|Synopsis||Siblings Emily and Navin stumble upon another world trying to rescue their kidnapped mother. There, they discover sassy robots, elves bent on domination, and a magic amulet that talks to its wearer. After deciding to stay and fight with their new friends, Emily and Navin must train to resist not only the physical enemy, but also the darkness within themselves.|
|Artist||Kazu Kibuishi (and his team at Bolt City Productions)|
|Length||Varying from 180 to 213 pages per book|
Amulet is currently an eight book series of children’s graphic novels with a ninth (and final) book on the way. This review will cover the overall story as it flows through the first eight books. That said, there may be spoilers for the first couple volumes since certain plot points are pivotal to the development of the story.
When their mother is kidnapped by a strange creature, siblings Emily and Navin follow her to another world armed only with a telepathic glowing necklace. In this new world, they discover a dying uncle, a robot rabbit, a devastating war, and a band of rebels awaiting their command. As the story progresses, Emily hones her magic skills, Navin trains to be a fighter, and their circle of friends and family grows. Each book in the series concludes a story arc which works as a single chapter in the overarching narrative.
Violence/Scary Images: Amulet is a graphic novel series for children, and its objectionable content is limited. The characters are involved in a war, but the violence is on par with Disney movies. Blood is usually relegated to a trickle down the face. While death does occur on and off the page, nothing is graphically portrayed. Disturbing scenes are present, even without the gore. Some characters become possessed by amulets, and others die in heartbreaking ways. I suggest an adult read through before giving it to younger children.
Language: Profanity is virtually nonexistent with one possible h*** or d*** per book, if that.
Drug/Alcohol References: At one point in the story, the children go into a bar to meet someone, and their mother is appalled. This situation is played off with humor, and no one is depicted drunk, even though a couple glasses of beer are shown.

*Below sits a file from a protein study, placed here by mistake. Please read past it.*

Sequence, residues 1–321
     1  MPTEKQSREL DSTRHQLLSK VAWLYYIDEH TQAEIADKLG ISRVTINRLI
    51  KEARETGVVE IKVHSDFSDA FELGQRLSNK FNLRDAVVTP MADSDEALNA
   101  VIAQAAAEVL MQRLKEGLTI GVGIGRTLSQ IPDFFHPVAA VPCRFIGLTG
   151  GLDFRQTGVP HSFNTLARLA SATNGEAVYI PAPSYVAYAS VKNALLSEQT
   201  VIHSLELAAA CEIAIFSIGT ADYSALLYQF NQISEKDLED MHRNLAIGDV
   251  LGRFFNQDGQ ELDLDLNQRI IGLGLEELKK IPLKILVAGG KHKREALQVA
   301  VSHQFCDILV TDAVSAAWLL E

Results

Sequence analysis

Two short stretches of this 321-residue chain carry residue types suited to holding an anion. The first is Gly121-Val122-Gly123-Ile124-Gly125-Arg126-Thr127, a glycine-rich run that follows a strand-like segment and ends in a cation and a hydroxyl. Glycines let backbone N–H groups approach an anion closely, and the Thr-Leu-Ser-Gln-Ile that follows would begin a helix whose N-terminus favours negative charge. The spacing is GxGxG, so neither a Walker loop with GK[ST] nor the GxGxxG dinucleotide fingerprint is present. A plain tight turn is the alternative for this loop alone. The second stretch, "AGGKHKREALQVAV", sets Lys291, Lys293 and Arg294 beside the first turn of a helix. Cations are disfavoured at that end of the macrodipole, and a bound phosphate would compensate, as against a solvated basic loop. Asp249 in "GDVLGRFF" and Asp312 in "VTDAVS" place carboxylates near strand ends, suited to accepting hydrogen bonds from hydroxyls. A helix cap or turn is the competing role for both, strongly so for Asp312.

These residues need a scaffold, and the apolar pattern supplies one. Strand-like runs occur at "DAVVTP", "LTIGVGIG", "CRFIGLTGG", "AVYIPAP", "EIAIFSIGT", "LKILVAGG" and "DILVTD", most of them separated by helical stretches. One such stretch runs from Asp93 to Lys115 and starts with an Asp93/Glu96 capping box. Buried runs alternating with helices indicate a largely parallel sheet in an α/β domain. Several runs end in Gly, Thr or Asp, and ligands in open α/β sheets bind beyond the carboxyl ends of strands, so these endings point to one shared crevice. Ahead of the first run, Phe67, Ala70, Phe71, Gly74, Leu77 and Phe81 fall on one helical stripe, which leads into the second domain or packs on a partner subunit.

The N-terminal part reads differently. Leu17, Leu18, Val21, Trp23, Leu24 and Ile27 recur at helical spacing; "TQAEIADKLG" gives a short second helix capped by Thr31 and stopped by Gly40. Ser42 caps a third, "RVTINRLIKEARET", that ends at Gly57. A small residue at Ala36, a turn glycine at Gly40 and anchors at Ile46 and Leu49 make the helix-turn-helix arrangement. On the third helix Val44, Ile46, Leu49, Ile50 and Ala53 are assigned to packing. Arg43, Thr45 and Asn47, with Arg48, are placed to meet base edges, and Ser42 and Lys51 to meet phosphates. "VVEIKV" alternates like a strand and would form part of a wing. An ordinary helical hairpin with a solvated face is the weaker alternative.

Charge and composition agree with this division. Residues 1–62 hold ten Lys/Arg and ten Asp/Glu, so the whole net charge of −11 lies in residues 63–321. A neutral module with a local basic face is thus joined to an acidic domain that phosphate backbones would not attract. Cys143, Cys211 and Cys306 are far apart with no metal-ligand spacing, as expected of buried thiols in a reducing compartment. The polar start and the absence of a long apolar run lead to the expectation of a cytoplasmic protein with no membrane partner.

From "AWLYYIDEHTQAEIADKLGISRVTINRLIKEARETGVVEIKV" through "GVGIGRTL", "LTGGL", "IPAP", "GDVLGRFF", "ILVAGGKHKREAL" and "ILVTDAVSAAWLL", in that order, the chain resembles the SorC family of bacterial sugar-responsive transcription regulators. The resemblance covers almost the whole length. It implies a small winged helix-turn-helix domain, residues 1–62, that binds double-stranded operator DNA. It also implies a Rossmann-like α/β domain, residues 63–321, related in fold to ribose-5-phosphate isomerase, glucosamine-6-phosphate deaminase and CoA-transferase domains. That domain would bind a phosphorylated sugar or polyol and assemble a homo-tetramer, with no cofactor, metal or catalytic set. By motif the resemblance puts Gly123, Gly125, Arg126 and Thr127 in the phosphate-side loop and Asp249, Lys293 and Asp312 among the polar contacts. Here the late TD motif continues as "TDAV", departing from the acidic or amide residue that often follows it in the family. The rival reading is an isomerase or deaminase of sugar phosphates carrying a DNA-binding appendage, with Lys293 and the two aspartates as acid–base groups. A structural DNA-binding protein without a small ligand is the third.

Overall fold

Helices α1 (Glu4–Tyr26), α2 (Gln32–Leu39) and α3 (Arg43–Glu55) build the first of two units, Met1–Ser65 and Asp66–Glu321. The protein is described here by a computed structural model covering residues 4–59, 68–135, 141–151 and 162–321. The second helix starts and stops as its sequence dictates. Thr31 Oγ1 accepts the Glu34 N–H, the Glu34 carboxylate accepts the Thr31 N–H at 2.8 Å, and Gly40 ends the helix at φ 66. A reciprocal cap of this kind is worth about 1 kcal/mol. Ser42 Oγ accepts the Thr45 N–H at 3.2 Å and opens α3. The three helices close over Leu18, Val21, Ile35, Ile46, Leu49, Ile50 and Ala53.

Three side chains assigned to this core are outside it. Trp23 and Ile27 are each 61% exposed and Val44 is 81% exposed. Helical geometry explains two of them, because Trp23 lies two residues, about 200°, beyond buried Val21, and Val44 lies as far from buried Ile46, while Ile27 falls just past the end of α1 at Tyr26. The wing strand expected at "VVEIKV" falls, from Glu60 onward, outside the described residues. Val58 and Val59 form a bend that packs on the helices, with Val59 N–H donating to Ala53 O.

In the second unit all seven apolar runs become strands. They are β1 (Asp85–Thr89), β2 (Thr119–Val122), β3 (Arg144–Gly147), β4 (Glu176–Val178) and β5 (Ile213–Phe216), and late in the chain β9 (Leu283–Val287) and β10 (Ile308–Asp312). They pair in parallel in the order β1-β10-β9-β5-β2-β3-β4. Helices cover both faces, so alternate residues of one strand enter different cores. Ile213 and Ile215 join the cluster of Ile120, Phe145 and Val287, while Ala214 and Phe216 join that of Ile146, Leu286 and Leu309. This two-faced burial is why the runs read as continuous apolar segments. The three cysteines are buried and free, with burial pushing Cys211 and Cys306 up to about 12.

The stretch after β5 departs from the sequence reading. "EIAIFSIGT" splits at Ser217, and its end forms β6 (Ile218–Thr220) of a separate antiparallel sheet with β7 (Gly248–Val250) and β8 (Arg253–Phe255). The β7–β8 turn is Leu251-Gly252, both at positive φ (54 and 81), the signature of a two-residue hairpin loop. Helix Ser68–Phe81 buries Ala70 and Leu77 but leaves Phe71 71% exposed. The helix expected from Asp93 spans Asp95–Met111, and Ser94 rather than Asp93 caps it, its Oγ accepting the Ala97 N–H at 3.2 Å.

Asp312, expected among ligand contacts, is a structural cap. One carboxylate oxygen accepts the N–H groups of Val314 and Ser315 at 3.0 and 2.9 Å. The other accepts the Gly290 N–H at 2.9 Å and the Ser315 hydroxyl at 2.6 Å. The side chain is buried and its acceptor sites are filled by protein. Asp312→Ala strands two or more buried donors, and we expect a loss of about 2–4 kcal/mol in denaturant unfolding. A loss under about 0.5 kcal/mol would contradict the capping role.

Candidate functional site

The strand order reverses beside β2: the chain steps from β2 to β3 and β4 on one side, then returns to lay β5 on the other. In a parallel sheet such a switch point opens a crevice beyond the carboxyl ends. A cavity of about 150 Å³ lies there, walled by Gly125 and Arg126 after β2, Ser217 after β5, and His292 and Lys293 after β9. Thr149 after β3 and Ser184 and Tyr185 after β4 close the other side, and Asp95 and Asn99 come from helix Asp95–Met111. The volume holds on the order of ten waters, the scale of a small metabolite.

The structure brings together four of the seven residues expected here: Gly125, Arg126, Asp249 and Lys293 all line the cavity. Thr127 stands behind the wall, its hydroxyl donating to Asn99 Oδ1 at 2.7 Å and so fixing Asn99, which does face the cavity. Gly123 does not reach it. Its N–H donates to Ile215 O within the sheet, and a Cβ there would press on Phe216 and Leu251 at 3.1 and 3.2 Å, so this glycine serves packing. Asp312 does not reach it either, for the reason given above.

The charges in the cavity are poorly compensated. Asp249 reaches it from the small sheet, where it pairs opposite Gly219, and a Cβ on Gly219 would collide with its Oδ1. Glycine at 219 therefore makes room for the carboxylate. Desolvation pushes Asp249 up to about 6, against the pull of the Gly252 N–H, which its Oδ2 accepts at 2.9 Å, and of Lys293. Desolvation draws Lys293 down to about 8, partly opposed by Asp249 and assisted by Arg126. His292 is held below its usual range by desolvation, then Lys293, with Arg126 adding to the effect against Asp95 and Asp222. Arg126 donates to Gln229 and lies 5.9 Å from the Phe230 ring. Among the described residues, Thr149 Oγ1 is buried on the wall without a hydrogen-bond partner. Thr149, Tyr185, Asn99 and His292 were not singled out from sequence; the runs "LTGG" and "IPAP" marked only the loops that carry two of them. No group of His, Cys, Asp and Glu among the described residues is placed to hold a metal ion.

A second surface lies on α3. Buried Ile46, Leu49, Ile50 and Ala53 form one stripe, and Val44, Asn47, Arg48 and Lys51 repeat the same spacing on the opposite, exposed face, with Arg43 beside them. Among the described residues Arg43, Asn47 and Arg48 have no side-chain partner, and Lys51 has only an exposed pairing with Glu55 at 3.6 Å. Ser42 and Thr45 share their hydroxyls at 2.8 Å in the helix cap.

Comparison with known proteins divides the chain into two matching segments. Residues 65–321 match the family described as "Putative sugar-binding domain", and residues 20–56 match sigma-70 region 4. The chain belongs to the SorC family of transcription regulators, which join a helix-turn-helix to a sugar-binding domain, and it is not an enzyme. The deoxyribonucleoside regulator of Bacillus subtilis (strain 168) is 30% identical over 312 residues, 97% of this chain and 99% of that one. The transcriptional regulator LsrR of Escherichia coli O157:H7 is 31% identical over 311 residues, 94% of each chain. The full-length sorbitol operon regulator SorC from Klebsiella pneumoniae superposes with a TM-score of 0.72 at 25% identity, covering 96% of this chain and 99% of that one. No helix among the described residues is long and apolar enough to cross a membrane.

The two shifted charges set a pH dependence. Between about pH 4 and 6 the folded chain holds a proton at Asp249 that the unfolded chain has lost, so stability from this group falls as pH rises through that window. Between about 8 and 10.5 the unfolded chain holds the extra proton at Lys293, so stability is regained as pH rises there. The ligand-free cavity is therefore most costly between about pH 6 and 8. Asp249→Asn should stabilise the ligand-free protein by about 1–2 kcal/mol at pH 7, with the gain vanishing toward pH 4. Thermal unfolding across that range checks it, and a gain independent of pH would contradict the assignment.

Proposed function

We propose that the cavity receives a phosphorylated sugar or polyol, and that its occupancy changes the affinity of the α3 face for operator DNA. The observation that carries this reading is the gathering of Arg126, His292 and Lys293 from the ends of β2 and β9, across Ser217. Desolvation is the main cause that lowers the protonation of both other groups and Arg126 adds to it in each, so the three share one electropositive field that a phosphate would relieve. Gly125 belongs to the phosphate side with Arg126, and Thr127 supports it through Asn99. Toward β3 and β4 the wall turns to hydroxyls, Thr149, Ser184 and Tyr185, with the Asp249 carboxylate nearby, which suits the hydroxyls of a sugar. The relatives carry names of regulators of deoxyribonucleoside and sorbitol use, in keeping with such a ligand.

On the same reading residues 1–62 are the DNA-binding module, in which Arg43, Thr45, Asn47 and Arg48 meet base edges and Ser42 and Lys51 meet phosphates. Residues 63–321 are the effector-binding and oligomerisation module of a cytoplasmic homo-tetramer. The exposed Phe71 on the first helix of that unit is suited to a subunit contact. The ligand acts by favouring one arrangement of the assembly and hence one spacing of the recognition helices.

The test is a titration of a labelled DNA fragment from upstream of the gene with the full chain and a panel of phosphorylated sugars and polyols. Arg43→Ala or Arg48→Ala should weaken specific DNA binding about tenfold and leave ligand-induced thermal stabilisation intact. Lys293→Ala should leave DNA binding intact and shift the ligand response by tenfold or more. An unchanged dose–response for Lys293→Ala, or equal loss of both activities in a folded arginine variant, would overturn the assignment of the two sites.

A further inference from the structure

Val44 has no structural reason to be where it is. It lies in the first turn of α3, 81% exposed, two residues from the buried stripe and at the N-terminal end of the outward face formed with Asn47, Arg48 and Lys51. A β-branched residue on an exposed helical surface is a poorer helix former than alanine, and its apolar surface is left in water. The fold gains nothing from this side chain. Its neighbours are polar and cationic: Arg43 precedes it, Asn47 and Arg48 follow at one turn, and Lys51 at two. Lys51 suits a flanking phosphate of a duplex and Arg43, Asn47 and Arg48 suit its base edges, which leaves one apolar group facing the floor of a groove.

Sexual Content: None
Other Negative Content: Some minor characters act prejudiced toward a friendly elf due to their negative experiences with hostile elves in the past.
Spiritual Content: None
Positive Content: Amulet is full of positive content. Emily and Navin leap into another world in Book One to save their kidnapped mother. When they learn this fantastical place needs their help, they stay to save it. Character motivations are rarely selfish; when they are, they receive immediate negative consequences. The fight between good and evil is physically seen in the war, but also glimpsed in the characters themselves. Villains become allies, and heroes struggle with inner darkness.
Amulet Book One: The Stonekeeper was published in 2008, and Book Eight: Supernova, followed suit ten years later. Within that time, the series gained a following. A Google search of “Amulet fanart” yields a variety of artists and different takes on characters, including romantic entanglements for platonic relationships. This plethora of original art could be due to the playful character dynamics and incredible illustrations of the books themselves. Amulet practically begs its readers to draw it.
The art is a gorgeous blend of Japanese manga and Western style illustration. Kazu Kibuishi is a fourth generation Japanese American, which allows him a unique perspective in this regard. His character designs showcase personality through exuberant facial expressions and creative clothing. Each volume brings new faces, and readers will find themselves yearning to know more about random people in the background of the pictures.